Other states have made similar efforts. Legislation similar to New Jersey's CIICA have been enacted in Massachusetts and New Mexico. As recently as January 1, 2008, Illinois' Employee Classification Act, also aimed at the construction industry, went into effect. Many of these statutes create civil penalties, punitive damages and criminal penalties for willful violators and allow aggrieved workers to collect wages, salary or benefits lost and, under certain circumstances, liquated damages, compensatory damages and attorneys' fees, as a result of the misclassification.

Spurred on by these state initiatives, federal lawmakers are also getting involved. Last year, the Independent Contractor Proper Classification Act of 2007 (ICPCA) was introduced in the U.S. Senate and seeks to establish a detailed enforcement scheme shared by several federal administrative agencies including the IRS and the DOL. The ICPCA, like various state laws, also seeks to place additional responsibilities on employers. As proposed, the ICPCA would require employers to notify any potential independent contractors of their federal tax obligations, the legal protections that are inapplicable to them and their right to seek a status determination from the IRS. While not likely to be enacted in 2008, the ICPCA is likely to gain additional support as increased state regulation puts additional pressure on Congress to act.

The Bottom Line: Some Advice For Employers

Employers should familiarize themselves with state and federal laws that govern worker classification and take care to correctly classify workers, as the liability for not doing so may be significant. Employers that misclassify their workers may be held liable for back taxes, wages and unemployment and workers' compensation contributions.

The degree of control that an employer has over its workers will often determine whether an employer-employee relationship exists. The more control an employer has, the more likely it is that the worker is an employee rather than an independent contractor.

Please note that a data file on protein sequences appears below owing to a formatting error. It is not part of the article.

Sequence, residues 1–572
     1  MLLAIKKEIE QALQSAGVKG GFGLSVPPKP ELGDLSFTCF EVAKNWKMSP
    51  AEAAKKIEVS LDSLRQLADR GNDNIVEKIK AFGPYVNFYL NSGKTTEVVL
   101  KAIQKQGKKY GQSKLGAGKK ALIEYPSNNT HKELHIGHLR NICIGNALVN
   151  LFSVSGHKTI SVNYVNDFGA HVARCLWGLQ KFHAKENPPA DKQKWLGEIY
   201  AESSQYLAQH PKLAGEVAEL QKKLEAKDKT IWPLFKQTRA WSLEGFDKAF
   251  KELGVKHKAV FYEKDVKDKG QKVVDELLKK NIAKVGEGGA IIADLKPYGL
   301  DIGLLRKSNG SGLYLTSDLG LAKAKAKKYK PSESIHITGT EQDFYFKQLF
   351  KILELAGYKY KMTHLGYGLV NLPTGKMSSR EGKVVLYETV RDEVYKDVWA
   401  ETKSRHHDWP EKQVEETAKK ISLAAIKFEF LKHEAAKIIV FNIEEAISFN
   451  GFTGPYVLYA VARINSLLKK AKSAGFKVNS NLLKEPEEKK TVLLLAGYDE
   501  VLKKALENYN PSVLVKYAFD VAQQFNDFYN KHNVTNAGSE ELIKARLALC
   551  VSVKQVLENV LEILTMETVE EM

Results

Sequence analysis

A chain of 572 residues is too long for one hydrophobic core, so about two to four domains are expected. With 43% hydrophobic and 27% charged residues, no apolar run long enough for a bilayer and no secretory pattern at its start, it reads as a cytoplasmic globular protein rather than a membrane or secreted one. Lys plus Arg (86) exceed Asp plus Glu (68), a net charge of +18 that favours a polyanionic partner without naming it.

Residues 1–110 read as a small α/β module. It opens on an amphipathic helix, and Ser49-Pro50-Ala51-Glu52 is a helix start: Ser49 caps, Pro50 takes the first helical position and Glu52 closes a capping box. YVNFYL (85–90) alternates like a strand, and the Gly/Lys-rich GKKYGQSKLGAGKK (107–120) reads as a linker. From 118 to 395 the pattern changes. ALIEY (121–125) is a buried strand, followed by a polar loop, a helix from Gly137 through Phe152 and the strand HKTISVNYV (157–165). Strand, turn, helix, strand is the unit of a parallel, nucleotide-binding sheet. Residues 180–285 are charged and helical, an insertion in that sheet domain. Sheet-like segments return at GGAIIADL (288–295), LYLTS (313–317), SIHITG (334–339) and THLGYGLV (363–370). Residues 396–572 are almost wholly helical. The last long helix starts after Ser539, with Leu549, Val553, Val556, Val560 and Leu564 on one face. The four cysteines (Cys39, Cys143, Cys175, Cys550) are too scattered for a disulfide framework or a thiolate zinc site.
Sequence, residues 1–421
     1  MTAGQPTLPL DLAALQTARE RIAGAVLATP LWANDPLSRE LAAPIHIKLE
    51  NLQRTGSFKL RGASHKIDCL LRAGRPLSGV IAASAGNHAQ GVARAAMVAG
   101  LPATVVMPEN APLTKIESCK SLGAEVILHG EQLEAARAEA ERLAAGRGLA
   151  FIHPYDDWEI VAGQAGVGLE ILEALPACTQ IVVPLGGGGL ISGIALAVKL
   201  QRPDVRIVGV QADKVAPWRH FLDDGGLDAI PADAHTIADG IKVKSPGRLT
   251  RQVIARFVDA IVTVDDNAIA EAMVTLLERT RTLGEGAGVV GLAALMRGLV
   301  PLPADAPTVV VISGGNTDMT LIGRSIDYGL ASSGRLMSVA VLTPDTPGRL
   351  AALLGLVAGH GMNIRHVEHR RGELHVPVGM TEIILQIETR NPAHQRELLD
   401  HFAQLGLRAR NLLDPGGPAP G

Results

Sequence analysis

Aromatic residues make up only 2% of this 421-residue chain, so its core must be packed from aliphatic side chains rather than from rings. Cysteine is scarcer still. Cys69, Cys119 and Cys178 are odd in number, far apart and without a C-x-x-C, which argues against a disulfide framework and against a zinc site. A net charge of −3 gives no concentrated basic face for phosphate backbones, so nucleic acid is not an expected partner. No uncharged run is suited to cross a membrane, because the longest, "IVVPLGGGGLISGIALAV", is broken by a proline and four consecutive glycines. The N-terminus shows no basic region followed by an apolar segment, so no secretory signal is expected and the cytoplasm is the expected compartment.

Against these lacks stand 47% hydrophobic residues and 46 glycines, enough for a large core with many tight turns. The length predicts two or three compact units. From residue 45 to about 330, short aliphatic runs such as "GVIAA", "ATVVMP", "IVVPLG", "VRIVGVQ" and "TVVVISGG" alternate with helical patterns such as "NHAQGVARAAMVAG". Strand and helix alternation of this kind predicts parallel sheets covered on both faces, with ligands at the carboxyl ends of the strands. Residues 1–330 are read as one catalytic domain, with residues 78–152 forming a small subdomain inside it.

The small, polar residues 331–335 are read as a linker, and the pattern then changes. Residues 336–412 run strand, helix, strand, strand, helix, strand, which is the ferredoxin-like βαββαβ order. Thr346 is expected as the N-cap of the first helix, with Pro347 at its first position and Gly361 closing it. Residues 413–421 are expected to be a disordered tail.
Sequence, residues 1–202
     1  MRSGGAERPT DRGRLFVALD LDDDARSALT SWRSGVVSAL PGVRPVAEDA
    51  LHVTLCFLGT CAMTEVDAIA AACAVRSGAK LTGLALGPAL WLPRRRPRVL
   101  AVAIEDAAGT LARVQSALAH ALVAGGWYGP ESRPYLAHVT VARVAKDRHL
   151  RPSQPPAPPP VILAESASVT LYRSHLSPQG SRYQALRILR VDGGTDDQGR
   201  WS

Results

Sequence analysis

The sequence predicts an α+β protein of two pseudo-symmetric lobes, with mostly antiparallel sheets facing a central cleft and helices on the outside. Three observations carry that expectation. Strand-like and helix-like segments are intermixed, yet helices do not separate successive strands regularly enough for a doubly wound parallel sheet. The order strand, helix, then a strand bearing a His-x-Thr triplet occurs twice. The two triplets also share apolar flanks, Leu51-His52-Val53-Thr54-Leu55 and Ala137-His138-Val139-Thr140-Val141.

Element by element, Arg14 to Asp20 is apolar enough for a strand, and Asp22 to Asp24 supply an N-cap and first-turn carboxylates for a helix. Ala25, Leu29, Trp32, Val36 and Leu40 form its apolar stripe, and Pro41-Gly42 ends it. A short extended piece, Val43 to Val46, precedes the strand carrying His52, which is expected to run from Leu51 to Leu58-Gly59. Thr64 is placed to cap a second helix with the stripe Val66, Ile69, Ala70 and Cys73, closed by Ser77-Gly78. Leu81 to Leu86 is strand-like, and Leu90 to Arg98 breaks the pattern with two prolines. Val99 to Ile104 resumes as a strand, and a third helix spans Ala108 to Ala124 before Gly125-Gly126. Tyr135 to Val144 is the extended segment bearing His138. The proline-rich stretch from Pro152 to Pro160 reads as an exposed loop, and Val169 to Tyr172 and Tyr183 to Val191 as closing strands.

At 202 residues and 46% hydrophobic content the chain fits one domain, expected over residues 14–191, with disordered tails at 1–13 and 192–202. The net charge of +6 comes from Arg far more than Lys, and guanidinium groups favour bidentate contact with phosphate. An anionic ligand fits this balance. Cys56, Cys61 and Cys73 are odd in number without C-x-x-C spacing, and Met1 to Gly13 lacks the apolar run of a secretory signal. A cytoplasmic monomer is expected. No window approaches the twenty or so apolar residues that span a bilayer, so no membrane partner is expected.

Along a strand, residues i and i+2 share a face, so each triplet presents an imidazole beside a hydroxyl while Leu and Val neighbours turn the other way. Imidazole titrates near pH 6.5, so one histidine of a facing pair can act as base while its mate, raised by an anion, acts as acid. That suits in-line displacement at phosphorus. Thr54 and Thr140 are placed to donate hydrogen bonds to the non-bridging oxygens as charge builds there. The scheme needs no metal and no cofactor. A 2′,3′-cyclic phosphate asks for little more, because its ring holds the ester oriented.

Keep in mind that certain actions are inconsistent with classifying workers as independent contractors. For example, independent contractors are not employees and should not have supervisory responsibilities, receive employee handbooks or undergo performance evaluations.

While not determinative, independent contractor agreements may minimize employer liability. When drafting such agreements, employers should be mindful of the factors used by the IRS (or other federal agencies) and their state courts and incorporate those factors into the agreements.

1 The Economic Cost of Employee Misclassification in the State of Illinois, Michael P. Kelsay, et. al., University of Missouri-Kansas City, December 2006.

2 The Cost of Worker Misclassification in New York State, Linda H. Donahue, et. al., Cornell University, February 2007.

3 The Social and Economic Costs of Employee Misclassification in Construction, Franoise Carr, et. al., Harvard Law School, December 2004.

Vjera V. Silbert is an associate in WolfBlock's Employment Services Practice Group. She provides counseling on a variety of employment issues including affirmative action programs and the immigration process as well as on the intersection of employment practices and immigration issues. Marc J. Scheiner is an associate in WolfBlock's Employment Services Practice Group. He provides counseling on a variety of employment issues, represents clients in employment litigation matters and conducts trainings for managers on a range of workplace topics.

7Please email the authors at vsilbert@wolfblock.com or mscheiner@wolfblock.com with questions about this article.